Apps are dead. Or are they? | 4i

Apps are dead. Or are they?

08 May 2017 ‐ 8 min read

No doubt about it, there has been a shift in the way people consume mobile apps, and how people view the process of building them. We believe this shift is the result of a culmination of behaviours, progressions and changes in the digital landscape. Let’s take a quick look at the app journey so far.

Where it all started for apps

Scroll back to June 2007 when Apple launched its very first iPhone. Apple created a world-first device that was sure to set the pace for competitors to follow. A major part of their strategy in becoming a dominant player in the mobile device market was the creation of the Apple App Store. Launched together with iOS software development kit, the app store made its first appearance on iPhone devices a year later, in July 2008.

The initial store offered around 500 apps ranging from sports games to classifieds. The world was captivated by this concept of creating software for mobile devices that was accessible almost instantly by iPhone users right across the world. The concept wasn’t new, but the quality of the apps, powered by a strong community of developers captivated the imagination of the modern world. As such it didn’t take long for stories to emerge of developers becoming millionaires overnight, and brands like Starbucks using apps to drive their business forward.

This was just the beginning. “App” was the buzzword on everyone’s lips, and in 2010, the word “app” was even named "Word of the Year" by the American Dialect Society. 

Where it all started for 4i

We built our first native iOS application in 2009, and over the years extended our capability to include native design and development for all the major platforms. In the midst of this initial frantic boom, it was clear to us that the craft of writing code was not enough to see an app through to success. So we invested in our team, adding product owners, strategists and a world class UX team to the mix. By working collaboratively with our developers, we were able to get to the core value for consumers in order to achieve success for our clients.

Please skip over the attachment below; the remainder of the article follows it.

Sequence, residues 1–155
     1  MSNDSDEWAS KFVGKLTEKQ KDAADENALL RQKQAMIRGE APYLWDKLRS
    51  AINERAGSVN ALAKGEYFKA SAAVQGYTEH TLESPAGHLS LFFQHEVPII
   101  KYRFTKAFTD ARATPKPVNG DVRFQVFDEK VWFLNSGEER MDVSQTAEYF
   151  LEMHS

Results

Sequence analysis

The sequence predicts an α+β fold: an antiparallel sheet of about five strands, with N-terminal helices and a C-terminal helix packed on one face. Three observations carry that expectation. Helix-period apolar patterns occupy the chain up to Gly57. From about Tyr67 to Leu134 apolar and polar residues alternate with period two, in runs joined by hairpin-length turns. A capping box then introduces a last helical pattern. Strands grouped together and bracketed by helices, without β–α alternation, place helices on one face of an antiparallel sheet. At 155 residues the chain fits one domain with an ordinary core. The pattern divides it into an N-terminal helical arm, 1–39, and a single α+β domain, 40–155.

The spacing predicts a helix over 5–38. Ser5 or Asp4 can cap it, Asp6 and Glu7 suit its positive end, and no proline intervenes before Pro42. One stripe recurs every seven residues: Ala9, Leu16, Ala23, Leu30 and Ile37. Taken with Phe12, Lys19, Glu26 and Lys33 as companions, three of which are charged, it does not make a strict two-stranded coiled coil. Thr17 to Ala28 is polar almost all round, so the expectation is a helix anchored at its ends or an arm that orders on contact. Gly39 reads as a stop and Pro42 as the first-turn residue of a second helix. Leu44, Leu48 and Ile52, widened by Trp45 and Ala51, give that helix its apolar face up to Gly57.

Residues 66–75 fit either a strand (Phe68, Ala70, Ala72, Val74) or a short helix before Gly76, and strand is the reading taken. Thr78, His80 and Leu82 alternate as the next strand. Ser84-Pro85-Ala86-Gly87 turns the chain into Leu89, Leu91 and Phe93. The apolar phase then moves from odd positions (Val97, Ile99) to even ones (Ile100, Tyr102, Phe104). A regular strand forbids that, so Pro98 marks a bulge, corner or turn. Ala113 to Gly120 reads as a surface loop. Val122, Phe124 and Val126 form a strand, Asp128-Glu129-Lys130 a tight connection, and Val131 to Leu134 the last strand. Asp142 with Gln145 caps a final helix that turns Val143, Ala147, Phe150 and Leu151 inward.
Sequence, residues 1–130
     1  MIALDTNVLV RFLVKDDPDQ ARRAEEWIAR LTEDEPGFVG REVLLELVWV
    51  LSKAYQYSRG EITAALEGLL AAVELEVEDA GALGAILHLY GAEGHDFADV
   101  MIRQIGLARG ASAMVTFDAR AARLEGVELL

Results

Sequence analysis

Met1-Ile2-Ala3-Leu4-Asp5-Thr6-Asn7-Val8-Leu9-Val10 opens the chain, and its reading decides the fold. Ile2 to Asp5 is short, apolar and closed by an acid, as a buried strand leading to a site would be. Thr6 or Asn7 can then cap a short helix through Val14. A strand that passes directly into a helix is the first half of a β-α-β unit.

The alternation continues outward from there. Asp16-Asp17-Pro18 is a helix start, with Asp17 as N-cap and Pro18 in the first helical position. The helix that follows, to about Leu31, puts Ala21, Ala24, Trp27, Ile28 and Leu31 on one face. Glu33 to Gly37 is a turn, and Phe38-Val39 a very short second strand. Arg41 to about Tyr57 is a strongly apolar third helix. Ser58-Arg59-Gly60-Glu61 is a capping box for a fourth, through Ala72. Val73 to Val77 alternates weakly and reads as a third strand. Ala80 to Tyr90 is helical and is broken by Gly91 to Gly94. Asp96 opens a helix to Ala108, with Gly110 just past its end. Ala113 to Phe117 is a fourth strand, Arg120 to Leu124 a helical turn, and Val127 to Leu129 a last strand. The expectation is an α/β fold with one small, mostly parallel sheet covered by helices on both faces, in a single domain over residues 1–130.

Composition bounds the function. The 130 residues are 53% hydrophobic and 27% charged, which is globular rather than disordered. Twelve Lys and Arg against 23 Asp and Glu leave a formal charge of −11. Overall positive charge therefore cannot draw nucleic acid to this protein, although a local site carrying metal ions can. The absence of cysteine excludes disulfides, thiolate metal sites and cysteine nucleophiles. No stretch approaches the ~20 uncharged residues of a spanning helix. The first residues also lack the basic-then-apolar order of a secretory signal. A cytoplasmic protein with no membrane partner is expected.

Fast forward to 2017

Away from all the craze and news headlines, there was a lot of failure too - often less spoken about. Many businesses jumped head first into building apps without understanding the complex process of what it takes to make them successful. Developers were hired for large sums of money to churn out code, for fear of brands and promising startups missing out. But writing code only forms one part of building a great mobile app.

The most bizarre reason for building an app that we ever heard was a large pharmaceutical chain that wanted an app within an extremely tight, near impossible deadline and when we asked why, their straight-faced answer was to give it to their CEO as a birthday gift. Needless to say, it’s years later and their app is still not on the store.

The downfall of apps

This behaviour driven by FOMO, or ‘fear of missing out’ has resulted in the app store of present day cluttered with millions of apps. Most of them - be it startups or branded apps, are of poor quality and add little to no value to our lives. The disappointment (albeit subconscious) of downloading an app only to experience how useless it is has created reluctance toward downloading apps. This change in behaviour has made it incredibly difficult for startups and branded apps to achieve desired downloads, which in turn, has made it harder for businesses to see the justification in the spend.